The federal government has treaty obligations to fully fund health services in Indian Country in perpetuity. These obligations were established through the over 350 Treaties signed between sovereign Tribes and the United States, and reaffirmed in our U.S. Constitution, Supreme Court case law, and federal legislation and regulations. These obligations must be honored under the COVID-19 pandemic and beyond. To that end, we greatly appreciate the $1.032 billion allocated to IHS under the CARES Act, and $750 million Tribal and urban Indian set-aside for COVID-19 testing under the Paycheck Protection Program and Health Care Enhancement Act. These were critical, but not nearly sufficient, investments to stem the tide of the pandemic in Indian Country. As Congress negotiates funding for COVID-19 vaccine distribution, it must ensure direct funding and access to vaccines reach the full I/T/U system.

Indeed, Indian Country has been disproportionately impacted by this pandemic. This is a systemic reality rooted in large part in the chronic underfunding of IHS, including a long term shocking lack of investment in health and public health infrastructure.  Per capita spending for those utilizing the I/T/U system reached only 40% of national health spending in 2018 ($3,779 vs $9,409), and, unsurprisingly, AI/AN people experience among the starkest disparities in the underlying conditions that increase the risk for a more serious COVID-19 illness. These include Type 2 diabetes, liver disease, heart disease, cancer, obesity and asthma.  According to the Centers for Disease Control and Prevention (CDC) AI/AN People have the highest COVID-19 hospitalization rate at 281 per 100,000 – a rate 5.3 times higher than for non-Hispanic Whites.[1] Aggregated national data on death rates show that AI/AN People are experiencing the second highest COVID-19 death rate, at 60.5 deaths per 100,000.[2]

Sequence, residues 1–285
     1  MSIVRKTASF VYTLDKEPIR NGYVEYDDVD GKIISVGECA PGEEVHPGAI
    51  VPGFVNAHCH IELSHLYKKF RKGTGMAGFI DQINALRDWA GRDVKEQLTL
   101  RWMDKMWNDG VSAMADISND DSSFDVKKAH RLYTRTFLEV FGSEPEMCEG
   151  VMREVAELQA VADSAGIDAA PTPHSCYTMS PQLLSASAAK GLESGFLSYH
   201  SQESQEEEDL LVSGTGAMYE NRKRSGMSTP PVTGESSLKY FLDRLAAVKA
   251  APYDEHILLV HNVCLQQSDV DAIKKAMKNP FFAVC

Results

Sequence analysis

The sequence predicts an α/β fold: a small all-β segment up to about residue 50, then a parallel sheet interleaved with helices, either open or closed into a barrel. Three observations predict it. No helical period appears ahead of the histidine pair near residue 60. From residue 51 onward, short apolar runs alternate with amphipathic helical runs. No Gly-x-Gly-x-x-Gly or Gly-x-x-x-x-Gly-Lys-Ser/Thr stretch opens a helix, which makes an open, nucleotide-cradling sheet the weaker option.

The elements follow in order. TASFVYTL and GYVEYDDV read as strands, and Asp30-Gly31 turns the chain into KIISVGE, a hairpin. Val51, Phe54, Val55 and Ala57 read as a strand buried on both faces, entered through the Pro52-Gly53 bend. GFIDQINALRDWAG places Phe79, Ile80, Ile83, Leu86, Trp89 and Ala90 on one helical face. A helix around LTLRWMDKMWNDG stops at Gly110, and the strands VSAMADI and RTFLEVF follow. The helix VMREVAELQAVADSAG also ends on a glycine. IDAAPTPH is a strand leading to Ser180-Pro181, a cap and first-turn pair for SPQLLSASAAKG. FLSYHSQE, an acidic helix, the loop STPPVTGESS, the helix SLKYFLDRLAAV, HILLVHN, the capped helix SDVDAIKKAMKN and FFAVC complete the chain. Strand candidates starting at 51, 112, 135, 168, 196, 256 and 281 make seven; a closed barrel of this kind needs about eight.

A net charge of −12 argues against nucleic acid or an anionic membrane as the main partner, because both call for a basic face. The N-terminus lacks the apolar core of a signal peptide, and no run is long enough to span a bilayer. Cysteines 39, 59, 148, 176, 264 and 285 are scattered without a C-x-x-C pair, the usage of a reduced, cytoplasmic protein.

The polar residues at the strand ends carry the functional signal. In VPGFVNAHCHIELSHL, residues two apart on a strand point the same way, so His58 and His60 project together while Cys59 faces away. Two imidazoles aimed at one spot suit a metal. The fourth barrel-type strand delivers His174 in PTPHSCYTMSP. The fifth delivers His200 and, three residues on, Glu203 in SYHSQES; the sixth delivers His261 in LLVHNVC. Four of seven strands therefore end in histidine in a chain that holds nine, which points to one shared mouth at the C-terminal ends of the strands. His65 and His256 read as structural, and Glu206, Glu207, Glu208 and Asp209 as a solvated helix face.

In closing, we thank the Committee for the continued commitment to Indian Country and urge you to prioritize Indian Country in COVID-19 vaccine distribution and access. We patiently remind you that federal treaty obligations to the Tribes and AI/AN People exist in perpetuity, and must not be forgotten during this pandemic.   We urge you to make a commitment and follow through on it: determine that American Indians and Alaska Natives will receive the vaccine, will have funds sufficient to acquire and distribute it and the full faith and confidence of the United States Government will ensure distribution to this nation’s first citizens will be reliable, swift and early. As always, we stand ready to work with you in a bipartisan fashion to advance health in Indian Country.


National Indian Health Board

National Congress of American Indians

National Council of Urban Indian Health


Lisa Murkowski, Chair, Senate Appropriations Subcommittee on Interior, Environment, and Related Agencies

Tom Udall, Ranking Member, Senate Appropriations Subcommittee on Interior, Environment, and Related Agencies

Betty McCollum, Chair, House Appropriations Subcommittee on Interior, Environment, and Related Agencies

David Joyce, Ranking Member, House Appropriations Subcommittee on Interior, Environment, and Related Agencies

[1] Centers for Disease Control and Prevention. COVID-19 Data Visualization.

[2] APM Research Lab. The Color of Coronavirus: COVID-19 Deaths by Race and Ethnicity in the U.S.

0 replies

Leave a Reply

Want to join the discussion?
Feel free to contribute!

Leave a Reply

Your email address will not be published. Required fields are marked *